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  • 1.
    Fernandez, Christian
    Malmö University, Malmö Institute for Studies of Migration, Diversity and Welfare (MIM). Malmö University, Faculty of Culture and Society (KS), Department of Global Political Studies (GPS).
    Neighboring Countries, Worlds Apart?: Explaining the Swedish-Danish Difference in Immigration-Integration Policy2022Report (Other academic)
    Abstract [en]

    Over the last couple of decades, Sweden and Denmark have come to symbolize opposite policy positions on immigration and integration; the former liberal, tolerant and multicultural, the latter restrictive, nationalist and assimilationist. The marked difference between two otherwise similar countries has puzzled comparative researchers and area specialists for more than two decades. In this paper, a series of well-known but seldom compared explanations are reviewed to gain a fuller and more multifaceted understanding of why Sweden and Denmark became so different. The explanations are divided into four main approaches with different foci: the electorate, the media, the political parties and national models. The paper ends with a short conclusion, highlighting what each of the explanations contributes to a fuller understanding of the difference, and a short note on the possible convergence of the countries post-2015. 

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  • 2.
    Fernandez, Christian
    Malmö högskola, Faculty of Culture and Society (KS), Department of Global Political Studies (GPS).
    The Challenge of Multiculturalismv: Political Philosophy and the Question of Diversity2013In: Challenging Multiculturalism: European Models of Diversity, Edinburgh University Press, 2013, p. 52-72Chapter in book (Other academic)
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  • 3.
    Fernandez, Christian
    Malmö University, Faculty of Culture and Society (KS), Department of Global Political Studies (GPS).
    The unbearable lightness of being Swedish? On the ideological thinness of a liberal citizenship regime2019In: Ethnicities, ISSN 1468-7968, E-ISSN 1741-2706, Vol. 19, no 4, p. 674-692Article in journal (Refereed)
    Abstract [en]

    The objective of this article is twofold. Firstly, I seek to improve understanding of Swedish citizenship by highlighting the particular traits of an open yet largely instrumental (non-sentimental) membership policy, which existing theories have not been able to fully account for. I argue that the liberal openness of Swedish citizenship should be attributed not only to a liberal ideology of pluralism and equality, but to a fairly administrative, sterile and pragmatic conception of citizenship that is largely dissociated from existing conceptions of nationhood, integration and societal membership. Secondly, and related to the first, I take issue with the widespread yet implicit theoretical notion of citizenship being defined by shared conceptions of the national demos. I argue that this connection varies and that it is significantly closer and stronger in some cases than in others, regardless of its lenience towards an ethnic or civic, monist or pluralist conception of the nation. While newer, post-national theories of citizenship offer valuable insights into the reshaping of citizenship, they systematically underestimate and, consequently, fail to account for the enduring differences between and idiosyncrasies of national citizenship regimes. To better capture this neglected dimension of the citizenship-nationhood nexus, I propose a distinction between ideologically thin and thick citizenship, with Sweden serving as an example of the first.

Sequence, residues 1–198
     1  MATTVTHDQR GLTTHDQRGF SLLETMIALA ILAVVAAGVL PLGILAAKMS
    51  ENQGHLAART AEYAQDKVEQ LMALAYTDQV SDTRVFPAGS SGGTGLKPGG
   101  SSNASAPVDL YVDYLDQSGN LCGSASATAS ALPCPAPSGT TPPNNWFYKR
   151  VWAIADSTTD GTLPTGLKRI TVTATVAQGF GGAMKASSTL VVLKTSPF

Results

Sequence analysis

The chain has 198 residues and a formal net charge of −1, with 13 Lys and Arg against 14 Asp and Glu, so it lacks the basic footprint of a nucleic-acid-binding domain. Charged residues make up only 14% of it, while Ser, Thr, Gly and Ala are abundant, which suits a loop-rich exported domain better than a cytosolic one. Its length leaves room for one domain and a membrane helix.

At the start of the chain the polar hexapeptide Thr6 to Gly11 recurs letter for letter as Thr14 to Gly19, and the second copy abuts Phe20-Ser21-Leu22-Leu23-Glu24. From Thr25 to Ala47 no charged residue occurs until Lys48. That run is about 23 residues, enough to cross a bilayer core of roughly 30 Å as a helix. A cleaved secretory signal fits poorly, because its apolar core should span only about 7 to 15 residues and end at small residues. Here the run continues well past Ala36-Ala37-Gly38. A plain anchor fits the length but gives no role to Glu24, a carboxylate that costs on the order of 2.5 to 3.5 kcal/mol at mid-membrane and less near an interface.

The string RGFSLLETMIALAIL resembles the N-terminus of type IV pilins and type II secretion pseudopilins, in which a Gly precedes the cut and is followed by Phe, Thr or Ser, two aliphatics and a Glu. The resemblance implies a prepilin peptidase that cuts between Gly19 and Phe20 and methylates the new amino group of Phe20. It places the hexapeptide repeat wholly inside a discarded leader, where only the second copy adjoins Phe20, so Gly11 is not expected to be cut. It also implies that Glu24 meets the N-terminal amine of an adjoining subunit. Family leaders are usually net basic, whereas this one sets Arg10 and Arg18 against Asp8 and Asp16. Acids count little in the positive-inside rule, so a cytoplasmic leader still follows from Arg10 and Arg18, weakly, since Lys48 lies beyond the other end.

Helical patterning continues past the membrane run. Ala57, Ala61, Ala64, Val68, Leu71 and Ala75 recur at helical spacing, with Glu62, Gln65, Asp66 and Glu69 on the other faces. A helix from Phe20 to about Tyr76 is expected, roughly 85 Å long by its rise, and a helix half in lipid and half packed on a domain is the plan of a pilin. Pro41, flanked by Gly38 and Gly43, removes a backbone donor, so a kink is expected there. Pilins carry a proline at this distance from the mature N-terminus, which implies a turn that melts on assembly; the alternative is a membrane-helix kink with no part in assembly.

• 4.
    Fernandez, Christian
    et al.
    Malmö högskola, Faculty of Culture and Society (KS), Department of Global Political Studies (GPS).
    Jensen, Kristian Kriegbaum
    Department of Political Science, Aarhus University, Aarhus, Denmark.
    The civic integrationist turn in Danish and Swedish school politics.2017In: Comparative Migration Studies, ISSN 2214-8590, E-ISSN 2214-594X, Vol. 5, no 5Article in journal (Refereed)
    Abstract [en]